About 1944, the original Seymour St. assembly chose not to exercise a purchase option in an estate sale of their rented hall. This was due, at least in part, to the fact it was in a largely commercial area by this time, and resulted in this large central assembly forming two companies. One located on the west side of the city at 16th and Macdonald which continues to this day; the other, the smaller of the two companies, on the east side where a hall was built on Semlin Dr. Known as the East Hastings assembly, this company carried on for many years until about 1970 or 71, although a Sunday School was carried on for some time.
With the ever-expanding suburbs came the need to see testimonies planted further from the inner city. Due to the gospel-mindedness of the South Main St. assembly, two assemblies were established as a result of outreach work. An assembly on Lulu Island was formed on Gilbert Road in 1957, later relocating to a new hall in 1963 and known as West Richmond. In 1960, the Deep Cove assembly was established on the North Shore, and since 1973 has taken the responsibility for the Gospel Booth at the Pacific National Exhibition. Today, these three assemblies share the responsibility for the Easter Conference.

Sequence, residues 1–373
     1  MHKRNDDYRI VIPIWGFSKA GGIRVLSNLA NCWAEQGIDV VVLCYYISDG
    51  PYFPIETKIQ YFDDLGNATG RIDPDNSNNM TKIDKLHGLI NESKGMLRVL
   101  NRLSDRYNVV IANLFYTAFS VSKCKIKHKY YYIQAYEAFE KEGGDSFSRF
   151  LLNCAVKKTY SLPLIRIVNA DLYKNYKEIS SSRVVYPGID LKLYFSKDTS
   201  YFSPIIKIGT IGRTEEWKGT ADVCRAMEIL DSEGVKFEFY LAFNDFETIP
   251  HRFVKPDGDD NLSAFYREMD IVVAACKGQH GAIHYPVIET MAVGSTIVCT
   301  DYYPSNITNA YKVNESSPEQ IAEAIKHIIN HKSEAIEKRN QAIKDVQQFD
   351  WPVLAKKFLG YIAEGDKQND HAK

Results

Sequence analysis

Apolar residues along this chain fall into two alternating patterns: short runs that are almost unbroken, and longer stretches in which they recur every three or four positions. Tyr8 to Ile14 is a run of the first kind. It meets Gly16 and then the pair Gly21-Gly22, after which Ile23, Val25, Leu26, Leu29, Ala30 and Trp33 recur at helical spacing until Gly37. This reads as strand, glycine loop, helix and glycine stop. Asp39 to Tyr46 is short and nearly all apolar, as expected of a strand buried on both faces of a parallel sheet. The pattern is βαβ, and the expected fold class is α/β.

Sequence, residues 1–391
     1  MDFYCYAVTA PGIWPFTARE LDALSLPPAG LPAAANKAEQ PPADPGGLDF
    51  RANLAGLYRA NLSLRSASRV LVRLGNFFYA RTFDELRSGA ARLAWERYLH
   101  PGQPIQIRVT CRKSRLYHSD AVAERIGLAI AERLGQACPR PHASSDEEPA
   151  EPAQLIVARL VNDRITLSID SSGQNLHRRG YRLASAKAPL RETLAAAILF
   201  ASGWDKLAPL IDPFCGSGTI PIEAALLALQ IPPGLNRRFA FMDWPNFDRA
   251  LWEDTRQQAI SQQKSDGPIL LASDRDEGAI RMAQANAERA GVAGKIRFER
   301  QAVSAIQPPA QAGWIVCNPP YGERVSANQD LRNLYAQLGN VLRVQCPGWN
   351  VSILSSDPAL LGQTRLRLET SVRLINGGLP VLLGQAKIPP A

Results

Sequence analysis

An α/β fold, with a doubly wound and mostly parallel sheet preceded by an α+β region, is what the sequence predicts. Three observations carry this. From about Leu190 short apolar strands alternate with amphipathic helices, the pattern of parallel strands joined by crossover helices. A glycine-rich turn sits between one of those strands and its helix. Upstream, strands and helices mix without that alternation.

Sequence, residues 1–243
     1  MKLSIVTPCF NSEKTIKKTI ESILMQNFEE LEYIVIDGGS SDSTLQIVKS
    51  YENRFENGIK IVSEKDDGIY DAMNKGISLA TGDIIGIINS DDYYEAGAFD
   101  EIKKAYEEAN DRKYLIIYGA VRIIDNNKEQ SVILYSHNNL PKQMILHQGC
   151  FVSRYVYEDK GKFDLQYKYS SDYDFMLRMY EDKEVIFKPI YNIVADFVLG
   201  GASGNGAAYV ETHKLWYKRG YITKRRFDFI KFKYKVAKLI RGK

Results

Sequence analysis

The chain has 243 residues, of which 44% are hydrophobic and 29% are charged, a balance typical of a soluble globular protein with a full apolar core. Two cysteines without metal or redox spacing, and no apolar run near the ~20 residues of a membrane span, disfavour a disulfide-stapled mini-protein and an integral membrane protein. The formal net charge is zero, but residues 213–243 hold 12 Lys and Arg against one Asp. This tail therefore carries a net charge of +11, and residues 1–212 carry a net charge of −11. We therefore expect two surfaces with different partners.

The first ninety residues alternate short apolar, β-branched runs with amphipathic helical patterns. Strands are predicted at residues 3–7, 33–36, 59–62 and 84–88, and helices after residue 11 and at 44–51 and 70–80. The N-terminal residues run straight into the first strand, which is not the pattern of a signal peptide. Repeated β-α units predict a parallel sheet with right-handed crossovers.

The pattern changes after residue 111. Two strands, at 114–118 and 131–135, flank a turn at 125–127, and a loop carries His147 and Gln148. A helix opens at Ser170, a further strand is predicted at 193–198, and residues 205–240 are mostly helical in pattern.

Within a decade, through the labors of brethren from a number of assemblies, the Fleetwood assembly was planted in Surrey in 1968, and then Squamish in 1973. Outreach works of the West Richmond assembly saw the most recent assemblies in the metropolitan area planted, one in Ladner in 1976, initiated by the labors in 1967 of Gerrit and Andrew Bergsma, and Lou Swaan; the other was Newton in 1984.
Each year, two or more series of gospel meetings take place in the city or environs, sponsored by various assemblies. Beginning in 1968, Harold Paisley had a few tent series in this area with blessing in salvation. Two city-wide tent efforts in the summers of 1991 and 1992 with Eugene Higgins and David Oliver saw a number of souls saved.
Commended workers from the Lower Mainland, other than two of the first already mentioned, are too numerous to list in this article. Some 30 brethren or sisters, most married but some single, have been sent forth over the years to labor in Canada, Chile, Costa Rica, Holland, Japan, Mexico, Russia, the U.S.A., Venezuela, and Zambia. Others commended from other places, took up residence at various times in this area to labor in the gospel. Many of these have now gone home to their reward.